3b. Safeguarding Vulnerable Adults
The BGA is required (under, for example, the terms of its insurance policy) to have policies concerning the “Safeguarding of Vulnerable Adults” (although the term “adults at risk of harm” is now preferred). However, the Care Act 2014 makes it clear that adults cannot simply be categorised into “Vulnerable” and “non-vulnerable” categories; for example, they may be able to make small decisions about everyday matters such as what to wear or what food to eat, but they may lack the ability to make more complex decisions about financial matters.
However, in general Adults At Risk include those who:
• Have needs for care and support (whether or not the local authority is meeting any of those needs) and;
• Are experiencing, or are at risk of, abuse or neglect and;
• As a result of those care and support needs is unable to protect themselves from either the risk of, or the experience of, abuse or neglect.
Although it will be unusual for a Go player to fall under the above criteria, it is not unheard of. An individual may have the capacity to play Go, but they may also (because of illness, disability or a deterioration of mental faculties) have difficulties in other areas, for example social interaction or financial acumen. This could lead the individual to be at risk of sexual or financial exploitation.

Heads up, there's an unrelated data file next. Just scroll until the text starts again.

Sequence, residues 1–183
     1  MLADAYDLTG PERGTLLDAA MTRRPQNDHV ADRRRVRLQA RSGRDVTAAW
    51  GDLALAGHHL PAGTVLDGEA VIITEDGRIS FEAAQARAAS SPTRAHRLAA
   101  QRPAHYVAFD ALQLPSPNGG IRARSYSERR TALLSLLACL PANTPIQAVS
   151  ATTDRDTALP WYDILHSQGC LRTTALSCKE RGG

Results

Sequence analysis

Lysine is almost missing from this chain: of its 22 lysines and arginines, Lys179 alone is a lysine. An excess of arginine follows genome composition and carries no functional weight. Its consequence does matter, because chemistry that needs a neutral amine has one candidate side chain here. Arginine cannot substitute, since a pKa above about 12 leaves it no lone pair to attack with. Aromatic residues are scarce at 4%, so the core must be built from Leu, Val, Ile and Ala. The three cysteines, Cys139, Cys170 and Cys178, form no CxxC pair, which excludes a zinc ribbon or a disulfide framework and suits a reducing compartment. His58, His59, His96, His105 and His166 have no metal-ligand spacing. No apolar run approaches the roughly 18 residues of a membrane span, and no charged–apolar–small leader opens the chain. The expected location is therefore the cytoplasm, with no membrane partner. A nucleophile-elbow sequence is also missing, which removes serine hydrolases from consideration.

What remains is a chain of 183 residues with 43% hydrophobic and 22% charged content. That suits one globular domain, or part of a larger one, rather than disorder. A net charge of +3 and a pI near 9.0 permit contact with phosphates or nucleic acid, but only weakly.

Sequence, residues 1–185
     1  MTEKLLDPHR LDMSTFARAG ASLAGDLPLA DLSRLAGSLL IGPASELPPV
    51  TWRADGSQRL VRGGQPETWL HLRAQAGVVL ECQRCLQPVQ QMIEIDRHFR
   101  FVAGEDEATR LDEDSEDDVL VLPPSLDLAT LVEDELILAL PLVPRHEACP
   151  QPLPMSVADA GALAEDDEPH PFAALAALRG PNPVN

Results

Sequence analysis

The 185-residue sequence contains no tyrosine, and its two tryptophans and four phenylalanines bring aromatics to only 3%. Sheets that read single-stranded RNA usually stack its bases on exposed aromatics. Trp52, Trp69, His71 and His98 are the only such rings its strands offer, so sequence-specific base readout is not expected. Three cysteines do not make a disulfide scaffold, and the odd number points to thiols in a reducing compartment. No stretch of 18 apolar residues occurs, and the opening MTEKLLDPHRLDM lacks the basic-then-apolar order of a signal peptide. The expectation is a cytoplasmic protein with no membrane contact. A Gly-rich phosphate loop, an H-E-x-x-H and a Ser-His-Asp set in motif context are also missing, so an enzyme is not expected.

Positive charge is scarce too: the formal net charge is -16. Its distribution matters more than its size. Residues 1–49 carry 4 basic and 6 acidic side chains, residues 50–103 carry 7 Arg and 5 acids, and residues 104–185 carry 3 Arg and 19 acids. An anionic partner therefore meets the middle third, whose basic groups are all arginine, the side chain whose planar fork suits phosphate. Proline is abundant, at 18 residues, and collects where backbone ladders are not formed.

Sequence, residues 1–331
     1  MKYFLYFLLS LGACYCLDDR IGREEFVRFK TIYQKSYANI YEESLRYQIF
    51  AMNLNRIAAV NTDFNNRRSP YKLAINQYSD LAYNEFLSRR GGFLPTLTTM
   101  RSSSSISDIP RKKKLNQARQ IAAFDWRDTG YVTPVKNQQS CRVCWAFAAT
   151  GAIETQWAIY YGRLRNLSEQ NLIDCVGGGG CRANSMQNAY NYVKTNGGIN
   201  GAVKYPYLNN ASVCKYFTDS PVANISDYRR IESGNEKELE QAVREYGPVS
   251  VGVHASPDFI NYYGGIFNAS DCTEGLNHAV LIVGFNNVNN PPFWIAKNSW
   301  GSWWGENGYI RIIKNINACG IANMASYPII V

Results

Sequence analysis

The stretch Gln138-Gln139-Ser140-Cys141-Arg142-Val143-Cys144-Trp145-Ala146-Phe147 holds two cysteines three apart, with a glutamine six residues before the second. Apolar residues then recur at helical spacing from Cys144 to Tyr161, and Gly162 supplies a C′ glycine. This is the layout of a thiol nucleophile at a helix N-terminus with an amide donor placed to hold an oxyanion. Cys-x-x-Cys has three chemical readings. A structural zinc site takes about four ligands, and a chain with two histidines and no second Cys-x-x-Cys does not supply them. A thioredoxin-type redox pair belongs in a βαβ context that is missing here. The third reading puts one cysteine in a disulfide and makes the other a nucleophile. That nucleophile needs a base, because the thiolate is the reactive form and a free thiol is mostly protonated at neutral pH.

Accordingly the BGA has adopted the following policy, applicable to all Go players irrespective of age. It includes specific requirements associated with Vulnerable Adults.
The BGA has a separate policy governing the safeguarding of children.
The BGA adheres to the following principles:
• Everyone has a right to be safe and to be treated with dignity and respect, with a right to privacy
• Everyone, whatever their age, culture, disability, gender, language, racial origin, religious belief and/or sexual identity have the right to protection from abuse
• all incidents of suspected poor practice and allegations of abuse will be taken seriously and responded to swiftly and appropriately
• confidentiality should be upheld in line with the Freedom of Information Act (2004) and the General Data Protection Regulations (2016).
If the BGA becomes aware that one of its members has abused one or more people in the context of playing Go, then our response will depend on the level of abuse as follows: -
• Simple rudeness may be responded with a request for an apology; in serious circumstances the abuser will be asked to leave the event.
• As soon as any form of abuse of an adult at risk is suspected or becomes apparent it should be reported to the appropriate local authority Adult Social Care Team (advice on this can be obtained from the BGA Child Protection Adviser).
• Where there are grounds to suspect that a crime has been committed the incident should be reported to the Police.
The BGA has a separate policy governing on-line abuse.
Further advice and guidance is available from the BGA Child Protection Advisor child-protection AT britgo DOT org